My daughter likes to claim that she is a Nutmegger, that is, a native of Connecticut. I don’t like to tell her the origin of the state nickname. It’s actually a folk memory of the local cottage industry in the days of the tall ships, when the Connecticut natives would toss hand-whittled “nutmegs” into baskets of the fantastically expensive real thing in order to up the weight and cheat trading partners.
Well, everybody should have a hobby, and that was how they got through the long winters back in Stamford and New London a hundred and fifty years ago.
Nutmeg as a spice and a smell is perennially attractive. My daughter is true to her heritage in loving the taste. Nutmeg is rare though in perfumery. For years my best reference was in Guerlain’s veteran vetiver: Vetiver. In fact, and full disclosure here, that was one reason why I always had a bottle on hand (and still do). Just so I could smell the nutmeg. You can smell it in the Killian’s Straight to Heaven too, battling it out with Mr. Killian’s favorite cedarwood for perfume domination. Serge Lutens Arabie is another sophisticated scent with a distinct nutmeg note in it, but no one really features nutmeg nearly nude.
That is, except for Jo Malone.
I’ve always liked their Nutmeg & Ginger. It hasn’t received the rave reviews that Lime Basil & Mandarin did, but it is still one of the best of the Jo Malones, together with Vanilla & Anise. The ginger is mostly a sparkling effervescing effect before you get to the nutmeg which settles down nicely on skin (and is a far better accompaniment to Thanksgiving Dinners- to my mind- than Etat Libre’s “Like This”). Nutmeg & Ginger sounds homely but works out to a respectable, even sophisticated, spicy oriental fragrance on skin, a good alternate for people who like Opium or L’Origan, and a very good base for other perfumes.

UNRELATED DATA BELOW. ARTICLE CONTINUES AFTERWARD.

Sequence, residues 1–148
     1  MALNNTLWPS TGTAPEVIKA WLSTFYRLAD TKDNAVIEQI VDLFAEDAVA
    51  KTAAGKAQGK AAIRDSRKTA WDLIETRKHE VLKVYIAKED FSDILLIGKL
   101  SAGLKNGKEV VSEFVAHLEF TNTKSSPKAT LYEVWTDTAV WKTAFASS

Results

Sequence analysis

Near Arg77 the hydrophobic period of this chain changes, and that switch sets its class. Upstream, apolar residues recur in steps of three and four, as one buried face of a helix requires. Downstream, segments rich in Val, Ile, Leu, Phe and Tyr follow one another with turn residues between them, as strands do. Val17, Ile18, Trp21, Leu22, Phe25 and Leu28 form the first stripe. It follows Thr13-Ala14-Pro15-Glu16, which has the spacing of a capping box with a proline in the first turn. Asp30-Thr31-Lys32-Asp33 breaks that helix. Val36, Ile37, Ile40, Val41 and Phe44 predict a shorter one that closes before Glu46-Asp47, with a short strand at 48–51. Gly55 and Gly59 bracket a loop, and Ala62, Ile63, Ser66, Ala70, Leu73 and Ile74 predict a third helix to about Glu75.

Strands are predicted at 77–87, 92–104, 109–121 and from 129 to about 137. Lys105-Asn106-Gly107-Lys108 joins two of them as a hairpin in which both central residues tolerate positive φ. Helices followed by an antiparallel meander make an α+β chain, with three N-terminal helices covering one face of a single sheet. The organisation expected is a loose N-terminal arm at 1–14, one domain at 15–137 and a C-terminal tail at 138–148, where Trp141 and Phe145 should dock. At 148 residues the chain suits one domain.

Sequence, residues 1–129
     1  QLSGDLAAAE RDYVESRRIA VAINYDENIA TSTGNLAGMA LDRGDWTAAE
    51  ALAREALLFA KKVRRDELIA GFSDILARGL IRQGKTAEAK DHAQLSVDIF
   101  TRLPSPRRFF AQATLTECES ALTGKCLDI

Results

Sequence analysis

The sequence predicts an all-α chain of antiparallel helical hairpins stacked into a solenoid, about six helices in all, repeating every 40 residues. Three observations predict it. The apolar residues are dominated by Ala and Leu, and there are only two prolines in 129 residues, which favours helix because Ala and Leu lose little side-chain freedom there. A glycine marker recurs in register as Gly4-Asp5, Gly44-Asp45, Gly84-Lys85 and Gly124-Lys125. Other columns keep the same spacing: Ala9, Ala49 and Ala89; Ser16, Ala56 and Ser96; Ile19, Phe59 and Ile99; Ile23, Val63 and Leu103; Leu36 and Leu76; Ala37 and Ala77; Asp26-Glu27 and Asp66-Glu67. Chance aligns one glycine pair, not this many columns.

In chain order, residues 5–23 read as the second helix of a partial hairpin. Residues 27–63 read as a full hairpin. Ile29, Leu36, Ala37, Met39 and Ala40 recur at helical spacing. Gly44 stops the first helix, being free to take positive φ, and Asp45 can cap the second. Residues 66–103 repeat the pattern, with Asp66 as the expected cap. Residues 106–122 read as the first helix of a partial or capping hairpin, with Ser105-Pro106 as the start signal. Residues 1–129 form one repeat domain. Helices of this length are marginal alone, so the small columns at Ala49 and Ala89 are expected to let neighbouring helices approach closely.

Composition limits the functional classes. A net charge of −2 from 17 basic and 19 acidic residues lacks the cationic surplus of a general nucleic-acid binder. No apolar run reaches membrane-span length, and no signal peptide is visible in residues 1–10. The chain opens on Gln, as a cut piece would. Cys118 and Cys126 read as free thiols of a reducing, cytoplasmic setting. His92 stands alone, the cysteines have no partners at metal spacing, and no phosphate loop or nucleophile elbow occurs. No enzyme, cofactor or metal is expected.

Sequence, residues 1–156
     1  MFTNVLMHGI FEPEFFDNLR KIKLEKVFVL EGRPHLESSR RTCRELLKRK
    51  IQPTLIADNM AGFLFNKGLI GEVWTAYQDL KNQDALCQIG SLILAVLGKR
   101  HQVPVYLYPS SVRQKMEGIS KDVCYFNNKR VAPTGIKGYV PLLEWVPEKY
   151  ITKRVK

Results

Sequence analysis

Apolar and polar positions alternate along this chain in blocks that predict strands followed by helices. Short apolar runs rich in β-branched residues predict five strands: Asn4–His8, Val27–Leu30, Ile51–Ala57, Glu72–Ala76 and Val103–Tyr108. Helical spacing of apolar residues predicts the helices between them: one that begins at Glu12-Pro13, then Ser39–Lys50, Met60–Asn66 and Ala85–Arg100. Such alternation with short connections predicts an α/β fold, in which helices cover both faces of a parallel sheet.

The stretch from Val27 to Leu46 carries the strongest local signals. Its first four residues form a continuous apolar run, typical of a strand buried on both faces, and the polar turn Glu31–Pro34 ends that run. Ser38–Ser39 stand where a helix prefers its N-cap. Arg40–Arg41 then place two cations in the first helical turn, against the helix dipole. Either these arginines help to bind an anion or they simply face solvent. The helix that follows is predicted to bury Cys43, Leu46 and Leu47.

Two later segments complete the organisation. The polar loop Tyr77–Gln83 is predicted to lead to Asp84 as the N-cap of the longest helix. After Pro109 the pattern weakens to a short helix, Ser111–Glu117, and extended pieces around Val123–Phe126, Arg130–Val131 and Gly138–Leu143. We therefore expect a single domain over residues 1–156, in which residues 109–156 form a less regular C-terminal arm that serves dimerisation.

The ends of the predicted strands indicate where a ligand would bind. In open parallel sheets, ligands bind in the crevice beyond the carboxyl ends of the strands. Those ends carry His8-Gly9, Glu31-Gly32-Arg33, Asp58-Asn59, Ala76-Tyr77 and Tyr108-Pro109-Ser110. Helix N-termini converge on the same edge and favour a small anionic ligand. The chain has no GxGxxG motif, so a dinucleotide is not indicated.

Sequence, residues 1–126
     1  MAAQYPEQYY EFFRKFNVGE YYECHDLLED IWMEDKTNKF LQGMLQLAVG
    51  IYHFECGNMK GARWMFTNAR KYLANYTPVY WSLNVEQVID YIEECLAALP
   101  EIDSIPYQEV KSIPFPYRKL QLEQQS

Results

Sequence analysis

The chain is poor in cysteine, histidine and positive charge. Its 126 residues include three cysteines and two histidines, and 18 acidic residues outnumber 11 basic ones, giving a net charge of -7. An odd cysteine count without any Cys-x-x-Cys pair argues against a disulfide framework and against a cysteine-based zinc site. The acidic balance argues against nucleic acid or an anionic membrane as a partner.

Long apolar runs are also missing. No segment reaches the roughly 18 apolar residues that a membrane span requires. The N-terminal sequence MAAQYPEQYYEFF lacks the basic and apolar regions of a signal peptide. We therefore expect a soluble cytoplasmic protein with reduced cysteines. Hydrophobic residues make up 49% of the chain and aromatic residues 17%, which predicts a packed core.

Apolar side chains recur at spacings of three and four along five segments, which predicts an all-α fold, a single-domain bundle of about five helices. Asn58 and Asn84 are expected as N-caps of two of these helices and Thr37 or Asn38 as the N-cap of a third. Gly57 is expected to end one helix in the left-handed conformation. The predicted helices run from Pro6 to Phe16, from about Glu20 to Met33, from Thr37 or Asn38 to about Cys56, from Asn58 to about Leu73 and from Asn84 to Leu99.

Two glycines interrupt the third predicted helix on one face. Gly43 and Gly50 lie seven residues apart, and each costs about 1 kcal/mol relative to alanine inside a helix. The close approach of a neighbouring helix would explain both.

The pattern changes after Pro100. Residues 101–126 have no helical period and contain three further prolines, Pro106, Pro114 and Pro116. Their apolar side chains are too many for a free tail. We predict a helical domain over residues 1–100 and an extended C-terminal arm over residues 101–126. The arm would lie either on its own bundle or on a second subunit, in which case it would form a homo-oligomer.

Jo Malone has so many things in its line up, that it can be overlooked as a brand, because that brigade of bottles can seem intimidating. In many ways its business model is similar to the hipper Memoire Liquide. You buy an accord or two, and then build up your own scent. I don’t think the public is comfortable with this idea, but at any rate, among the accords they sell, Nutmeg & Ginger is one of the best, and is sadly under-rated.
When I was at Bergdorf’s recently, I ran into a brand spokesman who taught me a few tricks concerning Nutmeg & Ginger and layering. The first is that you can easily make the bath oil into an after bath lotion by combining a couple of doses with some hot water. He said that some of his clients used this in a spritz bottle as a way to beat winter skin and as a base for layering other fragrances on top. Pretty neat, no? It’s economical too, as the oil is less expensive than the colognes.
As to what worked on top of Nutmeg & Ginger, tried and true combinations were Jasmine & Mint, Grapefruit, Orange Blossom and Wild Fig & Cassis. I might also add that the new Blackberry & Bay may be worth a try. You get a whole range of orientals/floral orientals by using this method. I’d experiment with samples first to get a sense of what you prefer.
For my daughter, I’m guessing the smell of childhood would be close to Nutmeg & Ginger’s possibly combined with a vanilla note. She’s grown up in a household that bakes, and usually macerates vanilla beans in bourbon, and that routinely grates nutmeg into macaroni and cheese. There are worse smells to grow up with, and after all, once a nutmegger….